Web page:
Gnarlbine Rock

It was a shame to see the old well full of debris and rubbish but great to walk around and over the rock. This is the official end to Holland’s Track. When John Holland came through there was already an existing track into Coolgardie. We could finish now but we had already decided that our finish line would be the Coolgardie Post Office. While Judy and I are having a rest for a few minutes the rest of the crew have a game of bowls using some of the plentiful pie melons. We had an easier afternoon, making camp about 14 kms from Coolgardie. Our last bush camp. It is a bit sad. We have been camping together for four weeks now. We are looking forward to a shower though.

last camp

A few kilometres of scrubby woodland in the morning and then we are on the outskirts of town. We stop for our last chance to talk to a stumpy lizard and take a few photos before we head into town. It feels very strange to be walking on footpaths again. We can see the post office in the distance – and a welcoming committee. The regulars; John and Bev, Alan and Beryl, Rodger and friends from Horsham who had camped with us earlier. They have the red flag that we looked for each afternoon as it marked our camp and posies of flowers picked (with permission) from the local motel. Coolgardie is an interesting old mining ghost town, but I am too homesick to explore. I just want to go home. After a month of being by ourselves all these people are a bit overwhelming. (Note: Coolgardie has a population of about 850).


Beryl, Alan, Judy, Rodger, Jo, John, Bev and the camp flag. Coolgardie Post Office.

After lunch we head to Kalgoorlie and book in to the caravan park for a much-needed shower and change of clothes. Then we head to the pub for a Sunday roast meal that none of us has to squat over a camp fire to cook, and a phone call home to promise never again to set such lofty goals (no one believed me).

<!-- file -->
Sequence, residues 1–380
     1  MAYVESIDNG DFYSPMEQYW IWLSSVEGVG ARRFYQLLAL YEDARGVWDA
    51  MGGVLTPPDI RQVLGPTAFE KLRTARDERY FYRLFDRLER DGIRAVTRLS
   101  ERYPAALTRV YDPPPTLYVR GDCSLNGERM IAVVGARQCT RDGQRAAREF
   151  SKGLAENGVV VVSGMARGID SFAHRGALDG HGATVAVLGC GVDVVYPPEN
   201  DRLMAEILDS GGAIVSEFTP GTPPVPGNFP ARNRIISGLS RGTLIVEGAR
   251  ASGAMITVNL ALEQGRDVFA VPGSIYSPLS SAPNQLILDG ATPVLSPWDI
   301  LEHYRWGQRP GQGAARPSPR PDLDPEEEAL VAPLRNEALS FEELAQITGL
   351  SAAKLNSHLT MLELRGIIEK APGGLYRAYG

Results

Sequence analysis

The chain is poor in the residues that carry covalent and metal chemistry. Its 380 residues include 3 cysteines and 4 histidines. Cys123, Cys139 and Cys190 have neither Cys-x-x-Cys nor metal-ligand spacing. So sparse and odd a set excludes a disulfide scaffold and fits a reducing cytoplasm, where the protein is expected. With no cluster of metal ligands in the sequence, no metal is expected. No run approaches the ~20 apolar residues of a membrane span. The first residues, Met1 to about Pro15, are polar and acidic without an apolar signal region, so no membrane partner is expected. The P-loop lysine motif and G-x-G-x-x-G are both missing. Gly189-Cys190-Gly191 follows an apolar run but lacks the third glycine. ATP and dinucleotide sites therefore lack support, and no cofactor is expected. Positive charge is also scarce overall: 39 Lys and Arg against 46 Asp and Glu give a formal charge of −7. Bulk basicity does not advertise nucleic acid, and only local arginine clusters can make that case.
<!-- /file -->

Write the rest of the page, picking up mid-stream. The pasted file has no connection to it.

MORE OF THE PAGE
That is it, the challenge I set myself in the days following Daryl’s death from brain cancer has been completed. I can’t quite believe it. 585 kilometres, 27 days, more than 200 litres of drinking water (just for Judy and me), countless blisters and a gazillion mosquitoes. Eighteen months in the planning, lots of work by the back-up crew and now it is over.  (Daryl was John’s brother, Westprint business mentor and best mate to me and my brothers).

Our fundraising goal was $1500 and the current total $5419.


Rodger watching his bowling shot

Friday Funnies 

Smartphone by  Rob Hughes 

When you invited me to meet you for a meal and a chat

I thought it was a great idea, a chance to chew the fat.

It’s been a while since last we talked; it’s such a busy life,

I’d love to hear what you’ve been up to, are you keeping out of strife?


I saw you as I entered; you hadn’t changed a bit,

We smiled as I drew closer and then found a place to sit.

A waiter took our order; we were eating ‘a la carte’,

We had so much to talk about, I wondered where to start.


I was thinking up some questions that would help me break the ice,

When you reached into your pocket and pulled out this strange device.

It was small and black and shiny with a silvery looking face,

And I thought it might be some new kind of medication case.


But as I watched, you poked it then you stroked it with such care,

With the reverence one might offer to a book of common prayer.

The tiny widget was protected with a folding leather cover,

And you gazed at it so tenderly as if it were your lover.


You fondled it so softly that I had this strange sensation

That your gadget might be offering some kind of titillation.

You smiled, your features softened, I thought that you might fall asleep,

But the reverie was broken when the thing let out a BEEP.